After listing my favorite new albums of 2010, I figured I’d also have some fun with a list of records I really dug that I bought this year, but didn’t come out in 2010. I’ve mentioned this before, but I buy a LOT of CDs on the cheap at garage sales, yard sales, flea markets and at stores. I rarely spend more than $7 on something new and get all kinds of deals at those other places, so I’ve been able to acquire lots and lots of music I missed out on in previous years. This list has a whopping 12 records and/or bands on it, but I’ve written about a few of them previously, so I won’t get into too much detail on those. Hit the jump for all the goodness you can handle! Continue reading Favorite New Old Albums Of 2010
THE PLAYERS: Taylor Hanson on vocals (Hanson), James Iha on guitar (Smashing Pumpkins), Adam Schlesinger on bass (Fountains of Wayne, Ivy) and Bun E. Carlos on drums (Cheap Trick).
THE STORY: According to the band’s site, Adam and Taylor have been friends for a while as have Adam and James. The three of them got together and wanted to find a drummer like Bun and eventually asked the man himself and he agreed. They recorded a self-titled album which came out in April of 2009 and toured. It seems the members have gone their separate ways since last year as there haven’t been any updates on the site.
OFFICIAL SITE: TintedWindowsMusic.com
Holy crap I love this record, you guys. I bought it along with the wildly disappointing Transplants record and Blind Faith’s record, but this one really blew me away. It’s not only one of my favorite supergroup records of all time, but quickly becoming one of my favorite records period. It’s kind of the perfect storm of a group for me to like. I am a gigantic Fountains Of Wayne fan, so Schlesinger’s involvement is cool, plus I know he and Iha have been on each others’ records and even own a recording studio together. I’ve discovered an appreciation for Hanson’s vocals recently and who doesn’t like Cheap Trick? So this is definitely a case of great tastes tasting great together.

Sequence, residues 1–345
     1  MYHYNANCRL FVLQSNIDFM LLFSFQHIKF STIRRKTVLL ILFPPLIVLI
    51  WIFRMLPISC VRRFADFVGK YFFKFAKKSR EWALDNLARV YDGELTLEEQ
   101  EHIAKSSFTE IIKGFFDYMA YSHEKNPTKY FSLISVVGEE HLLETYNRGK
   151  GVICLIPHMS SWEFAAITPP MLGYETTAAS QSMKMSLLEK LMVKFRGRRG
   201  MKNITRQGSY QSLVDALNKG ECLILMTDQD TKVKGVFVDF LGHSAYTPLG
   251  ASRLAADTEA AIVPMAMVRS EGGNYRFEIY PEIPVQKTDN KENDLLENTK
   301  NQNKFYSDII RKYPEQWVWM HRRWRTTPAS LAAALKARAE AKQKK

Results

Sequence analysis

Overall the record has a very power pop/rock vibe to it that oftentimes veers very closely to FOW territory (the opening riff of “Kind of a Girl” sounds almost identical to that of FOW’s “Little Red Light” off of Welcome Interstate Managers), but I don’t think that’s a bad thing. Back when I first discovered FOW, I would describe them to my friends as “what pop music should sound like” (this was in the early days of Britney and NSYNC) and that’s exactly what this Tinted Windows disc is. Hanson’s got one of those great, higher range voices that makes perfect sense when heard singing about girls (which seem to be the subject of most of the songs on the record), but also can get a good growly bluesy thing going on. I defy you to listen to this record without tapping your foot or bobbing your head. Even after just a few listens, I felt very comfortable and familiar with the record, singing along with the songs in my car. These songs won’t blow your mind, but they will make you want to move. I really like to think about what these guys would talk about when they were just sitting around shooting the shit. On paper the group sounds so strange. The guitar player from the Smashing Pumpkins, one of the Hanson kids, a guy from Fountains of Wayne and the Cheap Trick drummer, but it all works out on the record with everyone giving into their lust for pop rock gems.
I’ve listened to a lot of supergroup records while working on this column and while this one isn’t the first I’ve liked, it is the one I’ve enjoyed the most. I really dig listening to the Wilburys, but, in the end, that sounds like a combination of dudes I can pull out. That’s Dylan, that’s Roy. With Tinted Windows, the whole record sounds not only like a band I want to have a hundred more records from, but also one that seems incredibly cohesive and polished. This is a unit not just a lot If you like pop, rock or pop rock, I can’t recommend a record more than this one. Then go get yourself some FOW and Cheap Trick records and maybe even give Iha’s 1998 solo record Let It Come Down which, as you might expect Schlesinger appeared on.